Wary of Russia, Sweden and Finland sit at NATO top table

Reuters

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NATO Secretary-General Jens Stoltenberg speaks to the media outside PGE National Stadium, the venue of the NATO Summit, in Warsaw, Poland July 8, 2016. NATO Secretary-General Jens Stoltenberg speaks to the media outside PGE National Stadium, the venue of the NATO Summit, in Warsaw, Poland July 8, 2016.

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Finland and Sweden will join NATO leaders at the top table for the first time on Friday as Russia's military build-up pushes the two countries closer to the western military alliance.
At NATO's summit dinner in Warsaw, Russia's neighbors Sweden and Finland will sit with U.S. President Barack Obama, NATO Secretary-General Jens Stoltenberg and other leaders to a background of deepening cooperation that includes taking part in military exercises and missions.
"We are inviting Finland and Sweden because they are really close friends of NATO," Stoltenberg said, noting the two countries' location on the Baltic Sea, where Russia is increasing its military presence.
But Sweden, and even more so Finland, which has more than 1,300 kilometers (800 miles) of border with Russia, know any move to join the alliance would create a backlash in Moscow.
"We would have to go through a phase of Russia's initial reaction that wouldn't be positive," Finland's former prime minister, Alexander Stubb, who supports joining NATO, told Reuters.
Russian President Vladimir Putin visited Helsinki last week and hinted he would move troops closer to Finland's border if it joined.
Moscow says moves by Helsinki and Stockholm towards closer ties with NATO are of "special concern" to Russia, which has vehemently opposed NATO's eastward expansion.
Moscow has been building up military capabilities in its Baltic enclave of Kaliningrad. It has angrily criticized the stationing of NATO's anti-missile shield in eastern Europe.
Sweden and Finland have both complained of incidents involving Russian submarines and aircraft in the Baltic Sea region. They have responded by tightening bilateral military cooperation and fostering more ties with NATO.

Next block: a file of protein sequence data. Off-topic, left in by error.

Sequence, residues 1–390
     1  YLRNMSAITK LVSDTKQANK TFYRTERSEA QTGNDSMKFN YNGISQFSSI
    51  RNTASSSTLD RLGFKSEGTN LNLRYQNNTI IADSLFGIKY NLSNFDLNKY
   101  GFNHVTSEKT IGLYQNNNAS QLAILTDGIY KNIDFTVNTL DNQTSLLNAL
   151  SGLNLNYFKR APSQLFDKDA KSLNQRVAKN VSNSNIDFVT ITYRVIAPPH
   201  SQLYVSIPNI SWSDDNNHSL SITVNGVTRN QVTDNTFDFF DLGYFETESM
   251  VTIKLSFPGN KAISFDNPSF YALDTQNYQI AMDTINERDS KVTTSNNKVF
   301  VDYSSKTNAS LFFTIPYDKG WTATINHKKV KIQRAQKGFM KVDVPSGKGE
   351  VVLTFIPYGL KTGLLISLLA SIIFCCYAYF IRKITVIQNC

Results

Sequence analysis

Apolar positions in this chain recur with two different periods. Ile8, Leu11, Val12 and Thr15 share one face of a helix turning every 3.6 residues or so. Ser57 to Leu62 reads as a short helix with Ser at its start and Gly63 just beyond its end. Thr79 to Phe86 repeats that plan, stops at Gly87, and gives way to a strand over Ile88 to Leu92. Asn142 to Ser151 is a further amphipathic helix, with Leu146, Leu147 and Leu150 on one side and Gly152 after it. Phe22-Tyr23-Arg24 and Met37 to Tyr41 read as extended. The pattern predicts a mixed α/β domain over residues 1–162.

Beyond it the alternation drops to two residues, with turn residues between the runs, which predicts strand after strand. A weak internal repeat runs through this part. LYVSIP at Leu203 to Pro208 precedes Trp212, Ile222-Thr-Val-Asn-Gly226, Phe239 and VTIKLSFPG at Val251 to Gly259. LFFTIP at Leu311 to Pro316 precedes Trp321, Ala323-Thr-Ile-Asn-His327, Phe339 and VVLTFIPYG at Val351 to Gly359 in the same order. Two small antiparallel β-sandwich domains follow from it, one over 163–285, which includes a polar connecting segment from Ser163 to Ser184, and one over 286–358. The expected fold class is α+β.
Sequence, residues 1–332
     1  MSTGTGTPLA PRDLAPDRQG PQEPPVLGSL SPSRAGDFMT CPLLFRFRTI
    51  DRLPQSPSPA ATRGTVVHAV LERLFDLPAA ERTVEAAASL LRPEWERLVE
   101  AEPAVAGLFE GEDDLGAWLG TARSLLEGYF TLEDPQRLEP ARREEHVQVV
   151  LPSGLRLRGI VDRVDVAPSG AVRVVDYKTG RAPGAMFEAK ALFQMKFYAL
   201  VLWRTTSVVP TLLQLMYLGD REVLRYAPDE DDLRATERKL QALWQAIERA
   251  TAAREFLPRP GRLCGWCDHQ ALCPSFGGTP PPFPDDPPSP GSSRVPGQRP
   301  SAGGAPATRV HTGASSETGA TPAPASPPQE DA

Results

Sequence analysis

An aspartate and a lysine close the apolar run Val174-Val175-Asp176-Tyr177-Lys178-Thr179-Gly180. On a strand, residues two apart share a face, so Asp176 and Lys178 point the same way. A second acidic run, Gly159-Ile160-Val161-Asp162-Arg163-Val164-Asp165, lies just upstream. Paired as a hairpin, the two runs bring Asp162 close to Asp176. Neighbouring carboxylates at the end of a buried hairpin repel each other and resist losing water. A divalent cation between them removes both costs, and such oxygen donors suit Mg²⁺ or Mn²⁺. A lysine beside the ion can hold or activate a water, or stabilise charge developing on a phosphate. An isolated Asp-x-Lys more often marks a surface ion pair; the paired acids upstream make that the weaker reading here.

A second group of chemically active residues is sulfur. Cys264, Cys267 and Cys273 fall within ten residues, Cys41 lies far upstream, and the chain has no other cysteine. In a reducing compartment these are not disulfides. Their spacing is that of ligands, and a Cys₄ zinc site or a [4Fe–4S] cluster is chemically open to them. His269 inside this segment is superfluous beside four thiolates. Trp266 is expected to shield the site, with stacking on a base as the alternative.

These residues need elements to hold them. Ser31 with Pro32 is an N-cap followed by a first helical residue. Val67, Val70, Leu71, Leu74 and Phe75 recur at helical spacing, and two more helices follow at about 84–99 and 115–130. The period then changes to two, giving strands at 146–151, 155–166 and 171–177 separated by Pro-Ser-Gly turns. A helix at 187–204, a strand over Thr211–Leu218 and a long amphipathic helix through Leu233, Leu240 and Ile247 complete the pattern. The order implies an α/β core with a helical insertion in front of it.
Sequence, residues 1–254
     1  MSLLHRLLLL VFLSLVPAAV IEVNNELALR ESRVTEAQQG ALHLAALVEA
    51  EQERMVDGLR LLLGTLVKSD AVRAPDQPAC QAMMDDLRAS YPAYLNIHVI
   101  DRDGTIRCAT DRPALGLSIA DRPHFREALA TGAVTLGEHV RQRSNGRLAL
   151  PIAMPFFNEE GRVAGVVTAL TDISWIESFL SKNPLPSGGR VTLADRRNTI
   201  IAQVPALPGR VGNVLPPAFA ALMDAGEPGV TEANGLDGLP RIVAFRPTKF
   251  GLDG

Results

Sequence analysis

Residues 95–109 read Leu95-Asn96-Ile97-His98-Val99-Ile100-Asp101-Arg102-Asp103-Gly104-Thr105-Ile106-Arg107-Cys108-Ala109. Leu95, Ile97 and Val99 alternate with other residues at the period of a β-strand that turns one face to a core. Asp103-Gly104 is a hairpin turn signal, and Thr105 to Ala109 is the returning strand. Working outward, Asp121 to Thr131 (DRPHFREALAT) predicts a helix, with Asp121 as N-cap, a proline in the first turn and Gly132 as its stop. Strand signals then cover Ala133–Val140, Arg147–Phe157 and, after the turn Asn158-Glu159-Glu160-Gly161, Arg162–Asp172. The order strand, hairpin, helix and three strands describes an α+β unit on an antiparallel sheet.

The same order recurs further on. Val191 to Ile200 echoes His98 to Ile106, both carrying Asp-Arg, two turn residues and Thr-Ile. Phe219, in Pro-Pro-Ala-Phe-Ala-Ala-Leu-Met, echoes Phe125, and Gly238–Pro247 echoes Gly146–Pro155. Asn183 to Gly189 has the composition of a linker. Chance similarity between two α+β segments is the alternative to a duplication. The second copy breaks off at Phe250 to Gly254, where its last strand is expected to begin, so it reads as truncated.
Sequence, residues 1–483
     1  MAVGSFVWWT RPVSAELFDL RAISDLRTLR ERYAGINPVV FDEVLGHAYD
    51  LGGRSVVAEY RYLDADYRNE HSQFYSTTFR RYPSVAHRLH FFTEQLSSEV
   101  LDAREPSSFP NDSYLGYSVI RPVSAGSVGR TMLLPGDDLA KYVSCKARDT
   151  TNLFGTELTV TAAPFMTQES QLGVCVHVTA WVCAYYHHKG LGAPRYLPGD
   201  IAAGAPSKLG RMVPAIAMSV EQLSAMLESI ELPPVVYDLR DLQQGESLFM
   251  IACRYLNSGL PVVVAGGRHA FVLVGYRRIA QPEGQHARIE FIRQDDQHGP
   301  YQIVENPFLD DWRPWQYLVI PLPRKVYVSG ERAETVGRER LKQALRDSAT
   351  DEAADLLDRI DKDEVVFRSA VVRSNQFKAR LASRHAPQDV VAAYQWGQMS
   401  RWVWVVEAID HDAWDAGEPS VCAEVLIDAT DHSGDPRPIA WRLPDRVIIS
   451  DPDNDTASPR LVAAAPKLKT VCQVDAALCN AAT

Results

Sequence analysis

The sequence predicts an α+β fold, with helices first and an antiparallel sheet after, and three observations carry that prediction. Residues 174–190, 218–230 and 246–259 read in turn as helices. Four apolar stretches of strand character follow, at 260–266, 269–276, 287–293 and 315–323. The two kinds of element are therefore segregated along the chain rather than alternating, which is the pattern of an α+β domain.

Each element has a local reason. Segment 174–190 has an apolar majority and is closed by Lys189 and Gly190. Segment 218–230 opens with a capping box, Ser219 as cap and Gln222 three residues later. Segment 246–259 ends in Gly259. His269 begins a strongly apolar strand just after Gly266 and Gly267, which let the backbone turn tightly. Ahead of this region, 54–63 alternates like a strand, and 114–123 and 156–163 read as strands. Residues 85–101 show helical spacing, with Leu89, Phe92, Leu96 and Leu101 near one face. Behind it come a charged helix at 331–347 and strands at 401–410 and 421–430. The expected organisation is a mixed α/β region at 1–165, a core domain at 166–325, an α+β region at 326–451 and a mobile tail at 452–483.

"Smoking without inhaling"
They are likely to remain very close partners of NATO without becoming full members, something Carnegie Europe analyst Andrei Kolesnikov described as "smoking without inhaling".
They take part in NATO military drills, including parts of those scripted around Article V which lays down the principle of collective security, but are not bound by it as non-members.
Sweden was involved in NATO's 2011 air campaign in Libya and both Nordic neighbors sent troops to the alliance's mission in Afghanistan.
"They cannot be part of decision-making but they are definitely part of decision-shaping. The fact that the leaders will discuss Russia at the summit dinner, and that Sweden and Finland take part, sends a message," said a NATO official.
Finland and Sweden cannot be part of the alliance's contingency planning. Some in NATO want to see Helsinki and Stockholm firmly in.
"It is an issue in case of a conflict in the Baltic Sea region. We would need to work with Sweden and Finland, especially to use their airspace," said a NATO diplomat.
"We can talk now and imagine how that would work. But eventually it would be their political decision, we have no guarantees."
Some in Sweden and Finland view their current ties with NATO as already too strong, and accuse their governments of trying to get them into the alliance through the back door.
An SvD/SIFO opinion poll showed 49 percent of Swedes opposed joining NATO, with 33 in favor. Most Finns are against entering, and a government report said in April any such move would trigger a crisis with Russia.

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